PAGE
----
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The Global Chip Shortage

"The global computer chip shortage could have larger ramifications than making it harder to buy the latest video game console or more expensive to buy a car. According to a new Goldman Sachs (GS) note, the slowdown in chip availability could in theory smack U.S. GDP by as much as 1% in 2021.

In a research note led by Goldman’s Spencer Hill, an analysis looked at the economy-wide effects of the shortage by assuming a 20% chip shortfall that lasts three quarters and affects the 169 U.S. industries that use semiconductors in their products."

What the chip shortage means for the US economy

Comments

  • How did the world supply chain got caught behind? Also they would have a year worth supply with several alternate suppliers.
  • China is prevented from making semiconductor chips using American technology - may be this is the reason (a major supplier taken out), don't know for sure? Or may be Just-in-time manufacturing is to be blamed - supply chain interwind so no stocking chips unless necessary - Supply Chain Disruption - chain broken somewhere?
  • edited April 26
    All are good points. The trade war with China complicated the supply chain sourcing. Semiconductor manufacturing often involves multiple countries and certainly the pandemic is impacting the entire chain more than we know. Time-to-market or lean manufacturing process suppose to save money to have as little inventory as possible. Now there is two year backlog of shortage.
  • Taiwan is still in the business, and that may be at least part of the reason the Taiwan equity etf, EWT, is shooting out the lights while broader Asia funds aren't.
  • edited April 26
    Taiwan semiconductor manufacturing company, TMC leads the world in contract manufacturing for these chipsets. And there are several more including one Chinese one (5th ?). Lot to catch up as the capacity has max out. TMC is building a plant in US but this will not solve the immediate shortage.

    As investors it is important to check the top 10 holdings in your international funds or ETFs. TMC is held in many funds.
  • edited April 26
    @Sven et al
    The initial reports began about one month ago, but this BBC story is a recent update.
    Having lived in Taiwan (Taipei area) for 2 years, I continue to follow a variety of news about the country, over the years.
    ADD: Phoenix plant Taiwan Semi
    Not a fix for the current circumstance, but........
  • Don't forget that there was a very destructive fire a couple of months ago at a large Japanese chip manufacturing facility. As I recall. that particular facility made a significant number of the chips used in automotive manufactures.

    From the pictures I saw the damage was extensive, and it's going to be quite a while before that facility is brought back on line. The equipment which was destroyed is very specialized, very expensive, and also possibly in short supply. With the current just-in-time mindset no company is going to invest in complex and expensive equipment just to sit around in case there's a sudden unexpected need for the products- manufacturing capacity like that is only built if it is needed in the existing markets.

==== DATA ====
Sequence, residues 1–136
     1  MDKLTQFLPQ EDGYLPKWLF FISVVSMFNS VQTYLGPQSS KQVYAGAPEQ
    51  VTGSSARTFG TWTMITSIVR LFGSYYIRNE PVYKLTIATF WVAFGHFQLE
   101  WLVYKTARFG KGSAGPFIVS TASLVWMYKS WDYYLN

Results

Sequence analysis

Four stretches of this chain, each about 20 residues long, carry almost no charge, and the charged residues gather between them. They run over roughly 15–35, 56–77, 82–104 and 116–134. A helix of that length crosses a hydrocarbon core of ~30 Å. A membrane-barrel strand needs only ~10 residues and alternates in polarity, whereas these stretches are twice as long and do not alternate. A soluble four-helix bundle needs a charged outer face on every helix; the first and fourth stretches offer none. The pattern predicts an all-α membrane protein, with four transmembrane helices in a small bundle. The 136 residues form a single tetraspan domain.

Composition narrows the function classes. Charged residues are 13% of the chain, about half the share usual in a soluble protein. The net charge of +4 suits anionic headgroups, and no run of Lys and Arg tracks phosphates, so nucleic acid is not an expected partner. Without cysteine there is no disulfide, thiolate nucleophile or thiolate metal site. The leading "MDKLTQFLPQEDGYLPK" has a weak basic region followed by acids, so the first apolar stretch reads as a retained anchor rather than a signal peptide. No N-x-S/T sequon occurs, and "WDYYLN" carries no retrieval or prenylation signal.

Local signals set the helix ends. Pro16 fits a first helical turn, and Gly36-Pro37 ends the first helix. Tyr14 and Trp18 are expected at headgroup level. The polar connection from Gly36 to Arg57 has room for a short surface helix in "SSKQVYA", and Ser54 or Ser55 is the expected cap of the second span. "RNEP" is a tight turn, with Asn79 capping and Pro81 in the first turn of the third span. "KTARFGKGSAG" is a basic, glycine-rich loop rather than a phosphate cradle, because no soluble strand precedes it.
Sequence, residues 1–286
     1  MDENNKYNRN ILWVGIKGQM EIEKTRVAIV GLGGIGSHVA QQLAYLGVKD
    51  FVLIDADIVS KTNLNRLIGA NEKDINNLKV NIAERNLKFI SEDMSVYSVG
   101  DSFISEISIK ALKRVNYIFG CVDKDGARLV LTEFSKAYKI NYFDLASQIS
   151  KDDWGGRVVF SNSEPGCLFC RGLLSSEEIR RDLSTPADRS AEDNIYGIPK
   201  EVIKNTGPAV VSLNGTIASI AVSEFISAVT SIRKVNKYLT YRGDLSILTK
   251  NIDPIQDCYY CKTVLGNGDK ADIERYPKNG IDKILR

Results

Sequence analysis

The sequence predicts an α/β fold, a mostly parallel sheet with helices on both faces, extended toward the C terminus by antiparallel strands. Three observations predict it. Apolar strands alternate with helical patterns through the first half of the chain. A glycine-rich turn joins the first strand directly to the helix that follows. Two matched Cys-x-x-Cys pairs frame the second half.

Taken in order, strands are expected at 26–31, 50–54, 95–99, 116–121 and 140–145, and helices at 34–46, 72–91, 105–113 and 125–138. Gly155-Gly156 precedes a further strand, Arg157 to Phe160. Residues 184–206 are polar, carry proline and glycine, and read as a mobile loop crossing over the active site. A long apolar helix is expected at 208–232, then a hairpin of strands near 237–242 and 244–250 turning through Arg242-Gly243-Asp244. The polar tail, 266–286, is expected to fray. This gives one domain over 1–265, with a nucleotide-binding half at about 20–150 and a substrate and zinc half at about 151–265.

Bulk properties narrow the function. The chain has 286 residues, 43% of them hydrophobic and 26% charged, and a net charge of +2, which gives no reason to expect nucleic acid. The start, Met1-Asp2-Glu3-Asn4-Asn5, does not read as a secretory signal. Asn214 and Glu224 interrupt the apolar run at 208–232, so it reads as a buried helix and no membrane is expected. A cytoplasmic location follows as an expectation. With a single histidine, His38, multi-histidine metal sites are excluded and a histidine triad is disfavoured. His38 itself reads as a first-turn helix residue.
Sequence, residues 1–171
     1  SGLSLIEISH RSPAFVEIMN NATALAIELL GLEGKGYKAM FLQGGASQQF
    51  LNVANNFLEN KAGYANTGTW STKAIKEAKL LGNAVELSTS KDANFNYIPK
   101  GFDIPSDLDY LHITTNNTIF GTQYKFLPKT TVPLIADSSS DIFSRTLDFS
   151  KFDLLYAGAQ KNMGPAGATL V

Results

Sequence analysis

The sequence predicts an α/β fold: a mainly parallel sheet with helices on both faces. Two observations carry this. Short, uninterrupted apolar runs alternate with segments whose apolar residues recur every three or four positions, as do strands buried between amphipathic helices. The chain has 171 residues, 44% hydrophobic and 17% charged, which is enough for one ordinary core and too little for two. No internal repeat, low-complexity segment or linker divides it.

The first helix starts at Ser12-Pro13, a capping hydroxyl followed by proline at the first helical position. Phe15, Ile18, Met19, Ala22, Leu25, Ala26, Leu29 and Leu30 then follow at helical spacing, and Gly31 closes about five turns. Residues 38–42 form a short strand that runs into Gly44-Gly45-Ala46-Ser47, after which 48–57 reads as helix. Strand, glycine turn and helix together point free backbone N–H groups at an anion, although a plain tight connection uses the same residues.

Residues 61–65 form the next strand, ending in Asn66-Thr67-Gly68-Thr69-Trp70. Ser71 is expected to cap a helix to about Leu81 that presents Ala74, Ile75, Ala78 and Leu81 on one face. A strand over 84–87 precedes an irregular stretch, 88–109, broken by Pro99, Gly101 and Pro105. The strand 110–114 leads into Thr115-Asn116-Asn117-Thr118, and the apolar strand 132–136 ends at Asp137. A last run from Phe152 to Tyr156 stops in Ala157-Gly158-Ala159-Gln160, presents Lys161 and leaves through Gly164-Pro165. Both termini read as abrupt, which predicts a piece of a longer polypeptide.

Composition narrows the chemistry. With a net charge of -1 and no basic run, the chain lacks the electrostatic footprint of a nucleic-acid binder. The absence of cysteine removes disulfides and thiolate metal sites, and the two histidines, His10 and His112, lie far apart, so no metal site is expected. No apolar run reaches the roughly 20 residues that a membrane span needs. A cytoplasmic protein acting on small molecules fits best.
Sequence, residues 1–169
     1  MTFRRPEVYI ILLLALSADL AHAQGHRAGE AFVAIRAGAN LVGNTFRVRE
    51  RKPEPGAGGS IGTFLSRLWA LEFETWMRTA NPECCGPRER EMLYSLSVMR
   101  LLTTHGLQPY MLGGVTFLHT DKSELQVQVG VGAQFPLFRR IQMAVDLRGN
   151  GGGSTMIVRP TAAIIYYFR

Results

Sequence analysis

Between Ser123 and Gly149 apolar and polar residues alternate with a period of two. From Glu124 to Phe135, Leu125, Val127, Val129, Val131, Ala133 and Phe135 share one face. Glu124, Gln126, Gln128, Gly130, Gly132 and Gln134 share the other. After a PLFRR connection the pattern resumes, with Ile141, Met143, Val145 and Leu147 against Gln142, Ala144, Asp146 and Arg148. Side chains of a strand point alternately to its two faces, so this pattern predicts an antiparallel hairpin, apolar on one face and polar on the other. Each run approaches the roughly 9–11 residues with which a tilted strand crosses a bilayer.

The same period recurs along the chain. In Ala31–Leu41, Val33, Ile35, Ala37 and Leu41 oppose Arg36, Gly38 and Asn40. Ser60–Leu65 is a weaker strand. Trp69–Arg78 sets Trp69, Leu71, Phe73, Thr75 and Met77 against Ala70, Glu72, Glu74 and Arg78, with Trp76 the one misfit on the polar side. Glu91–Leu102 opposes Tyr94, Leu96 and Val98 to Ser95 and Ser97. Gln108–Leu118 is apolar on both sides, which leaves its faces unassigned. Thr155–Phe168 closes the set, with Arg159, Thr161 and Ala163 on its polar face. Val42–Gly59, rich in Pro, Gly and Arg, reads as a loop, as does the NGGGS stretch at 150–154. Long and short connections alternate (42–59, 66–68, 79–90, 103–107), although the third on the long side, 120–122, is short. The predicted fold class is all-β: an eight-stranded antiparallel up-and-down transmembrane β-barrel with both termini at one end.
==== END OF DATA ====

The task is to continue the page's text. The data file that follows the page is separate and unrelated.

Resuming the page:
If anything upsets the delicate demand/supply marketplace there is no reserve capacity.
  • edited April 26
    You are correct. That was Renesas in Naka, Japan. Fire started in a plating process tank that virtually destroyed the entire facility. Renesas supplies Toyota, Honda, and several Janpanese car manufacturers.

    In the meantime, the trade war affected SMIC, a large Chinese chip manufacturer. Chip production is complicated that involves multiple steps and process taken place in several countries where they who own their proprietary processes. For example, US is not allowing its processes (very fine scale photolithography) to SMIC as part of the trade war.
  • @AndyJ is right about EWT. Not surprisingly, TMC makes up 19%+ of AUM. @Sven is also correct; TMC can be found in just about every diversified EM fund and in many international funds.
  • Who/What is TMC? TSM = Taiwan Semiconductor Mfg.
  • @Mark, I stand corrected with my typo. TSM is Taiwan Semiconductor Manufacturering Company.
  • For those who might be interested ADRE (Invesco BLDRS Emerging Markets 50 ADR) holds a 20.9% position in TSM.
  • Just moved into a new home over the past month...when going thru my "stuff", I found notebooks and literature from seminars, presentations from industry conferences from the mid-90's. I worked leading an OEM sales team selling to the Semicon "tool" mfg's (a tool might be a 200 or 300mm CMP machine) such as Applied Materials etc. I distinctly remember in the late 90's parking 3 blocks down a side street when visiting AMATs corp site in Sunnyvale as there was no parking in their lots, too full, too busy. Tons of highly paid, talented associates working there.

    Absolutely amazing to me when I looked where the tools were being sold and where the market share was then compared to now. Crazy how much semi business has been sent overseas in the last 20-25 years. Absolutely crazy. No really. It is insane!

    And now we sell weed, raise taxes, build casinos, hand out fee monies because all the good jobs were exported. Dang!

    Baseball Fan
  • ... and pay CEOs outrageous salaries and extras for accomplishing all of that. Go Capitalism! Yay!!!
  • Perhaps a pure play on semiconductors is VanEck Vectors semiconductors ETF, SMH. It invested in the major semi foundry, process equipment manufacturers, and many more.
  • Or SOXX
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